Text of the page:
The past decade has not been kind to most equity investors and their advisors. Two bear markets, two recessions and dramatic swings in volatility have prevented many from meeting the return assumptions built into their investment plans.
Looking forward, advisors and their clients are struggling to see how they can meet future liabilities with little expected return from fixed income allocations and diminished faith in equity markets. Economic growth will likely continue to be anemic over an extended period of time given the structural impediments facing economies in many parts of the developed world, and volatility is likely to remain high.
It seems that many market participants are counting on increased allocations to hedged strategies or alternative asset classes to serve as both an engine of high return and a brake on downside volatility—something very difficult to engineer. Advisors should consider a category that presents a realistic option for powering long-term return objectives with moderate risk by looking at high-quality, predictable global businesses with strong cash-flow growth—sustainable growth companies that can expand even in uncertain times. The good news is that the skepticism of equity markets and the recent dominance of short-term investment strategies have presented a big opportunity in this category. The stage is set for sizeable excess returns in a straightforward long allocation to a selective group of growth equities—an opportunity hiding in plain sight.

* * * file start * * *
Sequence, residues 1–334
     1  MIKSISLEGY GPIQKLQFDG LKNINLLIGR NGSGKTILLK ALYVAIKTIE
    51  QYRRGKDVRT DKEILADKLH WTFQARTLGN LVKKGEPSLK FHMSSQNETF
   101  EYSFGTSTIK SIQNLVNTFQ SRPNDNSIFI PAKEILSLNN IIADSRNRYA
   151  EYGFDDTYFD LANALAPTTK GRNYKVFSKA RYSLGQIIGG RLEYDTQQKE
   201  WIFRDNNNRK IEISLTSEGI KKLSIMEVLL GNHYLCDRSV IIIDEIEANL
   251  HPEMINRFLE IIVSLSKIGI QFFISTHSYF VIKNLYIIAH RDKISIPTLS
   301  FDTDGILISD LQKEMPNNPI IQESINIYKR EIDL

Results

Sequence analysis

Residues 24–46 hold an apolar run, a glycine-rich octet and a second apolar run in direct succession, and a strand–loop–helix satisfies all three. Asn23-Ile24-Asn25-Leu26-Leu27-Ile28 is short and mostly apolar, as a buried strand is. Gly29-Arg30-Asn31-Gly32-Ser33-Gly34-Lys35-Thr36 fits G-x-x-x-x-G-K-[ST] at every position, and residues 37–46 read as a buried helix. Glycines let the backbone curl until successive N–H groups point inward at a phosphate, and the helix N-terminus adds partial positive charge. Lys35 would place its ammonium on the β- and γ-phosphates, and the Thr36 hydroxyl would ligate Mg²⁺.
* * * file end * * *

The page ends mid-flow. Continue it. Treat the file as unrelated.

The great challenge for advisors these days is to get the proper configuration of the long equity portfolio to deliver good returns with moderate risk. Index strategies will likely continue to be disappointing as corporate profit growth is stalling and will likely be scarce in coming years given economic headwinds. It is imprudent to expect expansion given the uncertainties about growth and financial stability. It is the combination of strong cash-flow growth and high quality that advisors should seek out, focusing on those rare high-quality businesses that enjoy secular growth tailwinds as well as unique competitive advantages that protect profitability. These companies can predictably sustain above-average growth regardless of the environment, while maintaining high levels of cash-flow productivity. This ensures a portfolio with a low level of business risk, the risk that a company’s growth trajectory will be derailed either as a result of the environment or competitive challenges.